Associates or Bachelors? - page 5

Can anyone tell me the major differences between an associates degree and a bachelors degree? I realize the bachelors requires more schooling and more job opportunities. Jobwise is what I mean. ... Read More

  1. by   08cbrule
    thanks for helping me clear up the associate vs BSN nurse question
  2. by   Tweety
    Quote from 08cbrule
    Due to the shortage in nursing do the rules still apply regarding a associate nurse not being to hold a managemnet position?
    No. You'll find many nurse managers and other management positions held by ADN's. This is especially true in smaller hospitals in smaller towns.
  3. by   08cbrule
    thanks for sharing your view on the associate vs bachelor RN regarding management
  4. by   NurseExec
    Quote from 08cbrule
    Due to the shortage in nursing do the rules still apply regarding a associate nurse not being to hold a managemnet position?
    Good Lord, I hope not, LOL!! I am the director of nursing for a 120 bed SNF in Florida, and I'm a proud ADN. 'Nuff said!
  5. by   Boston34
    I have a question. I have the chance to do an accelerated BSN program in one year or an associates program in 2 years....Which one should I choose.. The proce difference is 28,000. I want a good job when I get out of school and pass the NCLEX...any advice...I live in california if that makes a difference on what degree is better..
  6. by   PMFB-RN
    Quote from 08cbrule
    Due to the shortage in nursing do the rules still apply regarding a associate nurse not being to hold a managemnet position?
    *** I don't know of any shortage in nursing. Plenty of RNs looking for jobs out there. As for management, most manager jobs I see require a BSN and quite a few want MSN. That said I work in the surgical/trauma/CVICU of a large Magnet hospital and last fall (fall of 2009) they hired a new manager for the unit who has a ASN and no other degree. Lots of the small rural hospitals around here have nurse managers who are diploma or associates degree nurses.
  7. by   FUTURERNTOO
    I will graduate in May with my associates and will continue to get my bachelors. However the pay is the same and as I have been applying for jobs and speaking with HR staff, they do not have a preference for one over the other. I have heard from many nurses on the floor that they like our students who are in the two year program more then the 4 year because we have more clinical experience and we help them out alot more then the other students. Either way each person decides on their own career path and what is best for them. No one here is better than anyone else because of the degree they have. I believe one of the principles instilled in us in nursing school is to be non judgemental.
  8. by   rnwannabesoon
    Yay! Good for you! I am yet to start my prerequisites. any advice on what classes to take first? If the nursing program hard? How long did you wait to get in? Are you in california?
  9. by   salzburg
    Hi Everybody,
    can somebody to help me?
    Because of my family situation I would need to know how many
    1. theoretical hours
    2. practical hours
    3. individual preparationhours the following educational programs consist: BSc. nursing, Associate degree in Nursing and hospital nursing diplom. It's no important whitch educational program is it, only the USA, and the exact hours. Unfortunatelly the home pages of the programs give information only about the credits, but i need the hours.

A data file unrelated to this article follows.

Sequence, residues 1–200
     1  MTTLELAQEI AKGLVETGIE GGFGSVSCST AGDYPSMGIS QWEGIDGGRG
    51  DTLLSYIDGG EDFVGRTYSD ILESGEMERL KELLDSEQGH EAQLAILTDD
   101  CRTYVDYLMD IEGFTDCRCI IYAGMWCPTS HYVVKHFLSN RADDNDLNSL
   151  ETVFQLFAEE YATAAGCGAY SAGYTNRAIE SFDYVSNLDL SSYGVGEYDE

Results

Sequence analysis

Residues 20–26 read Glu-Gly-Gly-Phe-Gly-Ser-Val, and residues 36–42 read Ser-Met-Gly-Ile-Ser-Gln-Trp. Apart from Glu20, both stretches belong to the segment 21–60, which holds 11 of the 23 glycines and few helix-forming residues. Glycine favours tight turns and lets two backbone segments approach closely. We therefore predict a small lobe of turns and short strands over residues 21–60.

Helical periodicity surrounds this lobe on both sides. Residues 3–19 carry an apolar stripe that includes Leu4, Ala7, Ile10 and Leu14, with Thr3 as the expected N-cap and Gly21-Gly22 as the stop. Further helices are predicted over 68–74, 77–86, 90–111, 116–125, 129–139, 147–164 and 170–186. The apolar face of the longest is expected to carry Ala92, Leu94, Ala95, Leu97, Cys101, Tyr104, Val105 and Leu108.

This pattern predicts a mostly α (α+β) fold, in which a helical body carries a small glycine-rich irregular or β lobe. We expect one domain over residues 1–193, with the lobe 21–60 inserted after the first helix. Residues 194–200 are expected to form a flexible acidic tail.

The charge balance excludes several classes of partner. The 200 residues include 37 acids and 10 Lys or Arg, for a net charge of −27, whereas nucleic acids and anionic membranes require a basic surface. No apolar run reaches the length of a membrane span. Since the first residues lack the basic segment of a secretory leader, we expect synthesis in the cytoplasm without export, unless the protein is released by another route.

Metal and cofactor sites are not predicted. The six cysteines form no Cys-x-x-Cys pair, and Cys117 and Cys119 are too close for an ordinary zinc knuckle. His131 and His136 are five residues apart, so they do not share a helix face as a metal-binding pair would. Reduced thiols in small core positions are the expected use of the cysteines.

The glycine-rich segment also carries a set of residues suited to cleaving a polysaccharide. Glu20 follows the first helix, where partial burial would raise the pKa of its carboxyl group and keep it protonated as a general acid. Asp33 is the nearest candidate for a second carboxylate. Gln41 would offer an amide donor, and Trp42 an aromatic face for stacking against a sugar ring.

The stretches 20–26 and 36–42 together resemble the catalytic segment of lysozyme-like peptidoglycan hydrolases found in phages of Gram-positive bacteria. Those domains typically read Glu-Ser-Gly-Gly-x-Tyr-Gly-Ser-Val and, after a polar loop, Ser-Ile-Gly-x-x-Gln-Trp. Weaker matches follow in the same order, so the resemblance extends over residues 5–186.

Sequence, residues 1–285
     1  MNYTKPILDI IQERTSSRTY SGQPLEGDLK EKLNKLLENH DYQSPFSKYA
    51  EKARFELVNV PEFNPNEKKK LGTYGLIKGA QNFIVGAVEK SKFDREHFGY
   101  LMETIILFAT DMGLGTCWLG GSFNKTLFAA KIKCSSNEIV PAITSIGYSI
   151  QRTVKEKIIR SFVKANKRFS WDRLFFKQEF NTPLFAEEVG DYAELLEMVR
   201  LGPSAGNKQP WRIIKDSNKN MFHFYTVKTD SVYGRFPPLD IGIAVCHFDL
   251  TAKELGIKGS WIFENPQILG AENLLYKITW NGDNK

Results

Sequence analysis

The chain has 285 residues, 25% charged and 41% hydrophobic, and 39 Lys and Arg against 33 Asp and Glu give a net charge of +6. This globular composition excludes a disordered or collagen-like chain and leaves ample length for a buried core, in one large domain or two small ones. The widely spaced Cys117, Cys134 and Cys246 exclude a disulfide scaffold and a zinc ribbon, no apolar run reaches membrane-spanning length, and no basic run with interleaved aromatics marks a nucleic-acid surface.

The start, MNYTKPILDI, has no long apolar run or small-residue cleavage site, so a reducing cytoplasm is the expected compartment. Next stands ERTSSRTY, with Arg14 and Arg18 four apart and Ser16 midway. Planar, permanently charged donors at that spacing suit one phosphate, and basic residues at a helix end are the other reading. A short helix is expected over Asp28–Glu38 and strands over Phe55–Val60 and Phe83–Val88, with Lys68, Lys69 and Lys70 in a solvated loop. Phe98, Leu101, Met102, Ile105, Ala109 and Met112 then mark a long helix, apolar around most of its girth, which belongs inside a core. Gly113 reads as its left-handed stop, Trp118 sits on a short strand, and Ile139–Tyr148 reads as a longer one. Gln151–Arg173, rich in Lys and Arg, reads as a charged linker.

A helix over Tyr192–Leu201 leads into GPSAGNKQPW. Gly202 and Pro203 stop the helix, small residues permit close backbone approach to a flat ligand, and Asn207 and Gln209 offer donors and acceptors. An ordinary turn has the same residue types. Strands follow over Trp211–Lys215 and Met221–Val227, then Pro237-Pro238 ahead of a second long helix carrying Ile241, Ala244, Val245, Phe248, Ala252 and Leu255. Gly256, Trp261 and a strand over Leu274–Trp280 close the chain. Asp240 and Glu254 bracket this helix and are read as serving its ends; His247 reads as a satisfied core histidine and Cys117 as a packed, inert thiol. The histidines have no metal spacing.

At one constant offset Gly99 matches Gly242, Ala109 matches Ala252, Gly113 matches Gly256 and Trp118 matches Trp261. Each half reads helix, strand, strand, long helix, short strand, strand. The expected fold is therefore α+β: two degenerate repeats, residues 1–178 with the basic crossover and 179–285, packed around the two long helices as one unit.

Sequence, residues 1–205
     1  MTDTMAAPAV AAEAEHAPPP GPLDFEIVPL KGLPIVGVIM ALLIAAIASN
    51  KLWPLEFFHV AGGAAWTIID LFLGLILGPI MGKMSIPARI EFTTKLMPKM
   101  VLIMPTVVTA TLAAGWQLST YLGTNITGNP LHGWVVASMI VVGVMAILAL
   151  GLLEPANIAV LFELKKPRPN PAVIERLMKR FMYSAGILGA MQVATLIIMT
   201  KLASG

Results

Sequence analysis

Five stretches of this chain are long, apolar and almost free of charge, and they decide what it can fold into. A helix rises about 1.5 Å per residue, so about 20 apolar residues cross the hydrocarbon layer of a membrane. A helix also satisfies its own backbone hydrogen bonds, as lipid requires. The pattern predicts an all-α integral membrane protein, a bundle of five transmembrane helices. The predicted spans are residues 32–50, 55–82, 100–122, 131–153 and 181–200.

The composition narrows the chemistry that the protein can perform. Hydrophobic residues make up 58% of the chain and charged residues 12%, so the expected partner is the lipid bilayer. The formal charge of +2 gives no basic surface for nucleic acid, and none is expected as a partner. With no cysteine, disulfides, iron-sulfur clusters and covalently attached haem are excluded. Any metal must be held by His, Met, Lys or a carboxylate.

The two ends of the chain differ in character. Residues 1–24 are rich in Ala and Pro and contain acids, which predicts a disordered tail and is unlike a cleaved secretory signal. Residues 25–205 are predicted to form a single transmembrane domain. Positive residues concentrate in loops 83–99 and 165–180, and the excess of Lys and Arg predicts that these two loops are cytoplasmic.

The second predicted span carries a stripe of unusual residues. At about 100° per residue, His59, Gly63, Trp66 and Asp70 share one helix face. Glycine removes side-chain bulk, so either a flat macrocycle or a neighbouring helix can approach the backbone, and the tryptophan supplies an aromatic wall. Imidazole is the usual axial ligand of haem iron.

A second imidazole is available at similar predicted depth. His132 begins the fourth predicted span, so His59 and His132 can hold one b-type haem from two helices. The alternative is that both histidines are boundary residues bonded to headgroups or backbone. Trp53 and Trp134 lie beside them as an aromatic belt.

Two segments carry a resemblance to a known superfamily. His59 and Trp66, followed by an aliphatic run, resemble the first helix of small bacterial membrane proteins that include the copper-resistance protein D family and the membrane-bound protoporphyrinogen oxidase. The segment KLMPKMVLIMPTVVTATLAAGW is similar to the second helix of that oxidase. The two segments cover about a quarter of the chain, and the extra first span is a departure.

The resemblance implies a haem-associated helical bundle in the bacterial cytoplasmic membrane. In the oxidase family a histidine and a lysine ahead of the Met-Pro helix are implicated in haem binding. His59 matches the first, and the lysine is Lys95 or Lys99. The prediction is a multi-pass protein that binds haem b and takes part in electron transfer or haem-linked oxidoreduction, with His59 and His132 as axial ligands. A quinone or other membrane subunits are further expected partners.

thank you for your help in advance!!!
    Have a nice day :
    salzburg
  10. by   xtxrn
    Depending on what part of the country you live/work in, there are a LOT of opportunities for ADNs to move beyond bedside nursing. I spent very little time doing only bedside nursing, and most of my 19 years (before being disabled, but still having my license active) in charge or management....hospital charge (acute care, not SNF), and management in nursing homes.

    The only people limiting ADNs are the hospitals that refuse to realize there's room for all of us. We all take the same boards, and patients never ask about nursing theory.
  11. by   BrandonB779
    Salzburg,

    I originally was going to a 4 year university Bachelors program, but because of money issues, I withdrew and found myself in a hospital Diploma program that gave me so much more experience and lecture on it. Diploma are usually 2 years (if you have your pre-reqs/co-requesites already done, but some allow you to do them both at the same time, however not recommended lol) As for bachelors and associates degrees, they usually take a little longer and they broaden the spectrum for us the only reason no degree out of our hospital based program was because we didnt totally touch on community resourcing/nursing management but other than that it was the same old program you find everywhere else. It also depends on where you want to go with your career, if you really want clinical experience/management check out the clinical hours, some places dont give more than the bare minimum where as others do somewhere to 1 1/2 to 2x the required amount. Just be wary of that because you want to be able to have as much experience as possible during school, it really builds on it.
  12. by   xtxrn
    My associates program was a 2 year program. I did my pre-reqs ahead of the nursing classes to be able to focus more.
  13. by   PMFB-RN
    Quote from xtxrn
    My associates program was a 2 year program. I did my pre-reqs ahead of the nursing classes to be able to focus more.
    The community college where I did my associates degree is a two year program from start to finish. There are no college class pre-reqs. Some people strech it out longer for personal reasons but many people finish in 4 semesters.

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